Tuesday, October 19, 2010

Tangible Witchcraft: Meditation and Prayer

Most religious witches that I know and respect have a sitting practice as well as a prayer practice.
Many newbies to witchcraft are surprised by this, thinking that sitting (meditation) is a Buddhist practice and prayer belongs to the Judeo-Christians. I have heard a ridiculous amount of times on the internet that "witchcraft is a craft, not a religion", which is a generalization that only applies to a percentage of all the witchcraft traditions out there. So please folks, stop saying that- it is not true across the board!

People have been praying and meditating across the globe long before the "Big 5*" religions came to be. Indigenous/pagan cultures have been praying and meditating for quite some time.

When I first started studying Feri, breathing and sitting were the first concepts introduced by my first teacher, T. Thorn Coyle. Her beginning Feri classes (which lasted a little over two years) emphasized self-discipline and mastery of the Self, with the ultimate desired result being a strong powerful witch. For that framework, I am truly grateful. She emphasized the goal of becoming self-possessed, which she described then as "being familiar with all our parts and not letting them control us".

Most religious traditions worth their salt have this as a goal- self gnosis leading to interactions with the world(s) in a much more powerful and respectful way. Iron** (the work of self alchemy) leads to Pearl** (the work of building beyond yourself, connection).

Thorn's way of sitting, which she called "GodSoul listening", was similar to Buddhist Vipassana practice. You notice things as they arise, and do not judge yourself for having thoughts. Often the things that arise, particularly if they are non-verbal are messages from GodSoul*** or Fetch***. I took to writing down what I experienced and still find them helpful in hindsight.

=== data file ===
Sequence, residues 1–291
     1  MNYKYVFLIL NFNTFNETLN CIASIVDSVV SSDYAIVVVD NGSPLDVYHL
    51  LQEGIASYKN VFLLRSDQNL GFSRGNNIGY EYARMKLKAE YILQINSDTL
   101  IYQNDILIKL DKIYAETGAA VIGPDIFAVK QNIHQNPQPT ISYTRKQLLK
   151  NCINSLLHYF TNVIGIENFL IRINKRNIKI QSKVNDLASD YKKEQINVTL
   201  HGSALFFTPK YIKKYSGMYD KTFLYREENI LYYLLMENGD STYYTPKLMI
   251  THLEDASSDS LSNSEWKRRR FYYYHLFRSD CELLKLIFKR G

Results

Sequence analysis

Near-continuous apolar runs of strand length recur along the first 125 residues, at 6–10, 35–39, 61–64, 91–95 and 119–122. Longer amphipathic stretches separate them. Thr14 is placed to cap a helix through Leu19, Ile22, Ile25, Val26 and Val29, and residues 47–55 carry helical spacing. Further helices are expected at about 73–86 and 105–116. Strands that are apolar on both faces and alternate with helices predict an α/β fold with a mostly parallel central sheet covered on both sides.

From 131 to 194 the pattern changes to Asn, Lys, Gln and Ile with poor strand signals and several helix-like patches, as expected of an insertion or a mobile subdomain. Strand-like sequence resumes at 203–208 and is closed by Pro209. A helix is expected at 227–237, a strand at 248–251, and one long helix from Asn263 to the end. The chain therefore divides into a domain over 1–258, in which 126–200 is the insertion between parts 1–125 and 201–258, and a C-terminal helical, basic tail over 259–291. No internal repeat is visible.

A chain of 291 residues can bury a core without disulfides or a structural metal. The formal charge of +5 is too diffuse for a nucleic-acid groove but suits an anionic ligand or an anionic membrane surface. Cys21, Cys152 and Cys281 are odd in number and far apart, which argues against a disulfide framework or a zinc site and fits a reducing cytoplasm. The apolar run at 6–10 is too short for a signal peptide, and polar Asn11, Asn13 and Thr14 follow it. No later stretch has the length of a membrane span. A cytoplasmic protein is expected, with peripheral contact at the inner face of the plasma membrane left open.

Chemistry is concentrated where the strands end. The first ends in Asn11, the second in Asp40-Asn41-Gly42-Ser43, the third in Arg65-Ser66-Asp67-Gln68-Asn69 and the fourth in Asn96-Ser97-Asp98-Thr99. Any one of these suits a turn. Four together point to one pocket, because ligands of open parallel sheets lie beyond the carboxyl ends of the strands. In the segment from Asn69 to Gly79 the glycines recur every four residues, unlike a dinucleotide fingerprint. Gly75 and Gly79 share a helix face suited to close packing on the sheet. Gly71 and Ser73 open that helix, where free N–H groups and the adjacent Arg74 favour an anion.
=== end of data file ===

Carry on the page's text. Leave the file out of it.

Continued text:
At first, I found sitting daily for 20-30 minutes unbearable. Now I find it unbearable if I do not do it for a while. I get cranky and quick to flare with emotions before I am even aware that they are happening. Sitting makes me a much more aware person (and therefore easier to deal with!).

Prayer is equally important, and the most common prayers in Feri are to one's own GodSoul. There are so many of these, the Ha prayer, the Flower Prayer, but one of my favorites is from Cora Anderson, whose Christian upbringing (which she folded into her Feri practice) and Appalachian common sense shines through in this work:
I believe that we are three souls in one body

And that you are the highest, best, and most perfect part of me

Give me what I need each day

Keep me from evil, though it be the very thing I pray for

And bring me to the good even though from ignorance I don't know enough to ask for it.
Gods, I miss Cora. Seeing her every week really was a way to ground myself in Feri teachings and care for a beloved elder at the same time.

Orion Foxwood, founder of the Faery Seership Tradition (which I find to have eerily similar theology to Feri, plus a charming sexy man leading the way to boot!) said in a workshop I attended once, "A good witch listens (sits) and talks (prays) every day."

Of course, we also offer devotions to Gods we work with as well- but often my devotions to them are wordless- such as altar offerings or art. But many pagans I know pray to their patrons and Gods that they work with as well.

*Big 5= Judaism, (Protestant) Christianity & Catholicism, Buddhism, Hinduism, and Islam. In California (where I live) prisons, only clergy from the big 5 that I mention are allowed access to prisoners.

**Iron and Pearl Pentacles. These are tools of alchemy unique to the Feri tradition and a couple of its offshoots.

***Fetch, Talker, and GodSoul are names for the three parts of a human soul in Feri.


  1. Great post! Meditation is and has always been an important part of any culture. It has been called many things but the basic meditation concept has always been there. Thanks so much for reminding all who follow your blog that it is an important part of our daily lives and our choosen spirital path. =]

  2. Excellent! I just stumbled on this. "A good witch meditates and prays every day." What can one say, other than, Amen. We (Pagans/Witches) have been praying and meditating all along, but sometimes we let terminology get in the way.

    And thanks for that description of Thorn's approach to meditation. Does she talk about this in any of her books?

  3. @Apuleius: She may address it a bit in Evolutionary Witchcraft; which is the curriculum for her two year beginner class. Her second book is less about Feri and more about general mysticism.


Comments are welcome but moderated. Please be respectful when leaving a comment.